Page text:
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Old English cneo, cneow "knee," from Proto-Germanic *knewam (cf. Old Norse kne, Old Saxon kneo, Old Frisian kni, Middle Dutch cnie, Dutch knie, Old High German kniu, German Knie, Gothic kniu), from PIE root *g(e)neu- (cf. Sanskrit janu, Avestan znum, Hittite genu "knee;" Greek gony "knee," gonia "corner, angle;" Latin genu "knee"). Knee-slapper "funny joke" is from 1955.
early 13c., "to bend the knee, kneel," from Old English cneowian, from cneow (see knee (n.)). The meaning "to strike with the knee" is first recorded 1892. Related: Kneed; kneeing.
The joint between the thigh and the lower leg, formed by the articulation of the femur and the tibia and covered anteriorly by the patella.
The region of the leg that encloses and supports this joint.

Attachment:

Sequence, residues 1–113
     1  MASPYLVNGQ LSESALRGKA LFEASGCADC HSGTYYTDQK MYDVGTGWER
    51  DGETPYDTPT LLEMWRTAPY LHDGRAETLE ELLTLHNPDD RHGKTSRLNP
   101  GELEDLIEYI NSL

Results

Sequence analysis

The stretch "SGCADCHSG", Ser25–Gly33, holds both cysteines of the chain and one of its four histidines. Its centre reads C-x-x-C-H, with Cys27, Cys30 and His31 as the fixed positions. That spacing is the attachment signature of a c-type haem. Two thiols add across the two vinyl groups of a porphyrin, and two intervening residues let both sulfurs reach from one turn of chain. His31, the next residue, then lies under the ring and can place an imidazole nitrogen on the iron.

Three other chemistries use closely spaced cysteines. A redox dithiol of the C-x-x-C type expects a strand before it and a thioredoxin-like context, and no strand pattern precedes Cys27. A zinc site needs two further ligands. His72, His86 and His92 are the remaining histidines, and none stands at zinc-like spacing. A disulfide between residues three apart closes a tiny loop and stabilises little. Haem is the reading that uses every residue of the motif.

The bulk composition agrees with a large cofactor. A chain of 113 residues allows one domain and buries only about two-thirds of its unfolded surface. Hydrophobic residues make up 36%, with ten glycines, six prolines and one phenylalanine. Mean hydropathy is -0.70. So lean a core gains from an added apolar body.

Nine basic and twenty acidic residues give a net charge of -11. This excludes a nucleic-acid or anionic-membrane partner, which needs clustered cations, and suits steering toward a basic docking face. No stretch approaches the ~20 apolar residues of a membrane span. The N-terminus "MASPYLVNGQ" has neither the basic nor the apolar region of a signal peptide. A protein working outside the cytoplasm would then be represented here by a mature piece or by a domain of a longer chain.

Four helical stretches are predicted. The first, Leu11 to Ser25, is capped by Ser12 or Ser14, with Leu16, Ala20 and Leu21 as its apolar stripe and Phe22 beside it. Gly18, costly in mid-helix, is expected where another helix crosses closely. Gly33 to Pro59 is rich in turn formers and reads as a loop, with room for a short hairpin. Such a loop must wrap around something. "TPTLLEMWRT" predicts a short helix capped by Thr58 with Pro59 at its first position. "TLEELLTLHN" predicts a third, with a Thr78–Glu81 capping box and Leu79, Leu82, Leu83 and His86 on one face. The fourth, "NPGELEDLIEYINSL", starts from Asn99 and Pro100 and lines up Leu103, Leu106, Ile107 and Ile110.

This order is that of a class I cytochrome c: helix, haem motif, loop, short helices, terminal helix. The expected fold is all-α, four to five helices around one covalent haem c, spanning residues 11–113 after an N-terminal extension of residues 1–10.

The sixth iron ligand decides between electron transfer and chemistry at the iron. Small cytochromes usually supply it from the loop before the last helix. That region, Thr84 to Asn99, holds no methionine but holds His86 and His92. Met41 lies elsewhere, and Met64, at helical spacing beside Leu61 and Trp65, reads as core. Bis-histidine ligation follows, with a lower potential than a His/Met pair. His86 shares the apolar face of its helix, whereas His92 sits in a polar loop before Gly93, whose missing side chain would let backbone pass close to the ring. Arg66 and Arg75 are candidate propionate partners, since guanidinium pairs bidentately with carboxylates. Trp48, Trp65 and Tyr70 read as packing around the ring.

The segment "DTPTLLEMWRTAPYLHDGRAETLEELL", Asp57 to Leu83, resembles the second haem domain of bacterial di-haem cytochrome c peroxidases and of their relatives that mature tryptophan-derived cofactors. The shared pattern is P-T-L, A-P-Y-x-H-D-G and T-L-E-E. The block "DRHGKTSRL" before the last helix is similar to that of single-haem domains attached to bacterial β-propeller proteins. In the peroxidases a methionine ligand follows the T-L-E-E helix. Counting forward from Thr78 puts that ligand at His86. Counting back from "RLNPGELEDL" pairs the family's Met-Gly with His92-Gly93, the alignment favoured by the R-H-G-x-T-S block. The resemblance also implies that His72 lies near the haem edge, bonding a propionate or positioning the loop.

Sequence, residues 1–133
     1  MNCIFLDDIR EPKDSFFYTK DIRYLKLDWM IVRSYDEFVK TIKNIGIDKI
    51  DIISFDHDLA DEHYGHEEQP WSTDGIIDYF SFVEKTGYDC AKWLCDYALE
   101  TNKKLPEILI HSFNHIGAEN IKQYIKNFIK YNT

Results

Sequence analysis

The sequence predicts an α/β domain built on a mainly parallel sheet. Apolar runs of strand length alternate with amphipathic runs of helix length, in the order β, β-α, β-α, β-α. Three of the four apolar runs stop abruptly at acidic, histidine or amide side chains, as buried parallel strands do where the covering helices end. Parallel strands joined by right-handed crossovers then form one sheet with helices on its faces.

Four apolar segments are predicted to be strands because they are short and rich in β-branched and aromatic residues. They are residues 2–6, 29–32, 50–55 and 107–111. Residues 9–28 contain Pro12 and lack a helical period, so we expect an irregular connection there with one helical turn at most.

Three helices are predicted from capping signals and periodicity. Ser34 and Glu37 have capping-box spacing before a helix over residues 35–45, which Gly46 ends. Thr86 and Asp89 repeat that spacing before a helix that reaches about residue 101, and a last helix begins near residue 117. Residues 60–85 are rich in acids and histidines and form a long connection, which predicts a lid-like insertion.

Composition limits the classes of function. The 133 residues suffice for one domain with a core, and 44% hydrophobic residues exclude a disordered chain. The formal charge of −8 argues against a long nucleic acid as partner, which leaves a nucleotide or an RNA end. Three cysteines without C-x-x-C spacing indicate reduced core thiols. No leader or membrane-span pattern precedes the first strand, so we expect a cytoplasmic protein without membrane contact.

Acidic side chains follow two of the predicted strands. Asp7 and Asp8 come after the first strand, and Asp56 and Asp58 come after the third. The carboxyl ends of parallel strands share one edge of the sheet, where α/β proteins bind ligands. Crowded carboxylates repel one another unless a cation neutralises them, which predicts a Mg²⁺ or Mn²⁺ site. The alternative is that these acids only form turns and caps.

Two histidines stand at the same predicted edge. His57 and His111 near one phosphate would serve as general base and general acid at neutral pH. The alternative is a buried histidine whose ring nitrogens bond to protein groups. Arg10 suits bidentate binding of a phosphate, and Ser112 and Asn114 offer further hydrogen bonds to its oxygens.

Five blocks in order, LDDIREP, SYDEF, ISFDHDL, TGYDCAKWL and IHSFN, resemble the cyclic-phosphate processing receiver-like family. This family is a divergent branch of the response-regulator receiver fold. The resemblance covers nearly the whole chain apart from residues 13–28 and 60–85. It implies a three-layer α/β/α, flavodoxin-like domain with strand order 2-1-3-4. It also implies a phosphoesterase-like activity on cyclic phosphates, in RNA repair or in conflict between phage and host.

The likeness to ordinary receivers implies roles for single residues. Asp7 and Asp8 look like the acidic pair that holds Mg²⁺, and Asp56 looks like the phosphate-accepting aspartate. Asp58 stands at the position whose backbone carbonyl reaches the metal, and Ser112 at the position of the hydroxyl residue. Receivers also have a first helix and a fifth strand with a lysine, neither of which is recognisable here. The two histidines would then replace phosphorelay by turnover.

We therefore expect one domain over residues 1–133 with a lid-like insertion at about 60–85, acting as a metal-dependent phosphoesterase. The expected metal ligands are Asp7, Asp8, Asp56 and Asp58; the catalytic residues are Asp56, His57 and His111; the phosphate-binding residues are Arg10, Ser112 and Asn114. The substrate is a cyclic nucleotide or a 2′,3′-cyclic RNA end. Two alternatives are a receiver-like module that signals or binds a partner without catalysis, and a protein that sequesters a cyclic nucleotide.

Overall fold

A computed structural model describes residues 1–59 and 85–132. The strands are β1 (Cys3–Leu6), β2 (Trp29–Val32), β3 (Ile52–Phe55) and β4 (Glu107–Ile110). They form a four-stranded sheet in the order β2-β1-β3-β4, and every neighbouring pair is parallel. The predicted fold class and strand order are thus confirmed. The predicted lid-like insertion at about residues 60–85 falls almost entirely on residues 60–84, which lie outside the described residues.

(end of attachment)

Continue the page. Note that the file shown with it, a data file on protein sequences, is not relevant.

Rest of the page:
hinge joint that is formed by the meeting of the thigh bone (femur) and the larger bone (tibia) of the lower leg. The knee is the largest joint in the body and has to sustain the greatest stresses, since it supports the entire weight of the body above it. Consequently, the rounded ends, or condyles, of the femur and tibia that meet at the knee are massive. The rounded ends of the tibia move forward and backward on the corresponding ends of the femur; the kneecap, or patella, rests upon the ends of the femur and serves to prevent the tibia from moving too far forward when the leg is bent. The articulating (meeting) surfaces of the femur and tibia condyles are very smooth and are separated by a slight gap. The femur and the tibia are held together at the joint by a complex system of ligaments that run from the condyles of one bone to the condyles of the other. The two bones' possible contact with each other is cushioned by a synovial membrane and by layers of cartilage on the surface of each condyle. The entire knee joint, including the kneecap, is enveloped in a capsular apparatus that is large enough to allow for the movement of the tibia and also allows the kneecap to swing up and down freely on the front surface of the femur.